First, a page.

HMS Somerset’s Sailors Pay Respects to British War Casualties

  • Training & Education

HMS Somerset's Sailors Pay Respects to British War Casualties

HMS Somerset had an event filled visit to Muscat, Oman, midway through her six-month deployment to the Gulf.


Taking a well-earned break from her operational tasking HMS Somerset had a busy schedule supporting the British Embassy’s Queen’s Birthday Party celebrations, paying respects to fallen comrades and hosting both visitors and media on board.

Sailors and Royal Marines from HMS Somerset visited Cemetery Bay to pay respects to the British war casualties buried there.

The sacrifice made by these soldiers was commemorated by the laying of wreaths, two minutes silence and the playing of the Last Post by Royal Marines Bugler Gillian Forde.

Bugler Forde said: “It is a rare opportunity to be able to pay your respects in this way and I am honoured to be able to do so while in Oman.”

Later that day, the ship’s company of HMS Somerset were honoured to contribute to the Queen’s Birthday Party celebrations, hosted by Her Majesty’s Ambassador to the Sultanate of Oman, Jamie Bowden.

The naval contribution to the celebrations included a Ceremonial Sunset parade and a 19 Gun Salute as a mark of respect to senior Omani VIP guests.

The Ship’s Guard Officer, Lieutenant Tom Loxton, said: “It was a great privilege to lead the Ceremonial Guard for such a memorable occasion and we trained very hard to ensure it was the perfect conclusion to the event.”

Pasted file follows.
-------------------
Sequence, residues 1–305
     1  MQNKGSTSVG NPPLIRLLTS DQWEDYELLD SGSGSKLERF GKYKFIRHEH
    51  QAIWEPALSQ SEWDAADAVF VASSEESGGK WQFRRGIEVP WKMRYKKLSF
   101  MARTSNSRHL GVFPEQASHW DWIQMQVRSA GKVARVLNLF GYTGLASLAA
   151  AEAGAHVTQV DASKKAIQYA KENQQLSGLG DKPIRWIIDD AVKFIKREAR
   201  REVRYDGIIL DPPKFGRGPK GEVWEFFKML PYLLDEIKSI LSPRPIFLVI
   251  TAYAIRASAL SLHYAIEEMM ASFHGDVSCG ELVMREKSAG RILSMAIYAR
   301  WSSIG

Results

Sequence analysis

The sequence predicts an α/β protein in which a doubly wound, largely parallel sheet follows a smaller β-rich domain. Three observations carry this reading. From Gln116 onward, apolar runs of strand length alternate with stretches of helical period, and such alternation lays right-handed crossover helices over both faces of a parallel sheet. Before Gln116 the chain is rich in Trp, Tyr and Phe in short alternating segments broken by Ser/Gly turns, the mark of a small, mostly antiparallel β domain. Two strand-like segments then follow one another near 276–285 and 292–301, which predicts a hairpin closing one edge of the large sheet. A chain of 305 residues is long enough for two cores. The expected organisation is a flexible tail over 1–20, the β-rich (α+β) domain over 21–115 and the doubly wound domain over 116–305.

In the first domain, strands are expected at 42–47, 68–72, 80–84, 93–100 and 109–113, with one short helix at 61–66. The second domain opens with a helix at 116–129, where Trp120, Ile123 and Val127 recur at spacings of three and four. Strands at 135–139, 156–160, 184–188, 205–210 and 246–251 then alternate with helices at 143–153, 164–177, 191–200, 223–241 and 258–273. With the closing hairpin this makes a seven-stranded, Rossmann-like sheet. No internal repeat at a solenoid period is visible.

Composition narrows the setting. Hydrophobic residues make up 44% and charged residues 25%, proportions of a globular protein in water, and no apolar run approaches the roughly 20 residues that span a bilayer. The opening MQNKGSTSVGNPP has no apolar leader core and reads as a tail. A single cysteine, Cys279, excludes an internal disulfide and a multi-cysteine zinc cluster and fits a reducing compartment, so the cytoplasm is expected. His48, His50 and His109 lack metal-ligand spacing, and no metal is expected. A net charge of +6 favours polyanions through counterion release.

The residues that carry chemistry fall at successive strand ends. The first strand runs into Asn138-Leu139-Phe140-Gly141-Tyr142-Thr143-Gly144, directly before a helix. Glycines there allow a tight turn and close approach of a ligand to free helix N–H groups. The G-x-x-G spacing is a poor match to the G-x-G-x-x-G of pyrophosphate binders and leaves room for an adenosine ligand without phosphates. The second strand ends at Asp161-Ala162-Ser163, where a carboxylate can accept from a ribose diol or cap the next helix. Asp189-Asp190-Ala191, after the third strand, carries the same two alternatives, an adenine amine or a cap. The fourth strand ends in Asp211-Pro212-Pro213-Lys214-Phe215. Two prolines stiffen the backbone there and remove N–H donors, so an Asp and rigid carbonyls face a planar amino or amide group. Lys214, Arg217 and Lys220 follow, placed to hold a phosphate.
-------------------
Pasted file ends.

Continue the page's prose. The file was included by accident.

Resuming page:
The following day, HMS Somerset hosted engineering students from the Caledonian College of Engineering.

The visit provided a professional development opportunity for both the students and HMS Somerset’s engineers. The Royal Navy prides itself on the professionalism of its engineers and welcomed the opportunity to present the complex frigate to the visiting students.

HMS Somerset’s Marine Engineer Officer, Lieutenant Commander Shekhar Shrestha, said: “Opportunities to exchange ideas and experiences with fellow engineers are enjoyable and rewarding experiences.

“HMS Somerset’s engineers are always keen to share their expertise and explain the complexities of a modern warship to keenly interested visitors.”

Not wanting to miss an opportunity to demonstrate HMS Somerset’s capabilities, local media from Oman were welcomed on board later the same day to meet the Ship’s Company and learn more about the role of a Royal Navy frigate on deployment.

The time in Muscat was not dedicated only to work. Many of the Ship’s Company challenged local sports teams to football, rugby and hockey matches while other took the opportunity to visit the Wadi Shab resort or go diving in the waters around Muscat.

Speaking of the visit to Oman, HMS Somerset’s Commanding Officer, Commander Mike Smith said: “It was an honour for HMS Somerset to be able to visit Muscat. The UK and the Royal Navy have a strong historic relationship with Oman and we are very pleased to build upon this and to have had the opportunity to welcome our Omani friends on board.”

HMS Somerset’s current operational deployment involves her working with international partners, including Oman, in around the Gulf.

Her maritime security operations are designed to actively deter, disrupt and suppress unlawful use of the sea in order to protect global maritime security and secure freedom of navigation for the benefit of all nations.

HMS Somerset has been undertaking maritime security operations East of Suez since early 2014.

Press Release, May 12, 2014; Image: Royal Navy

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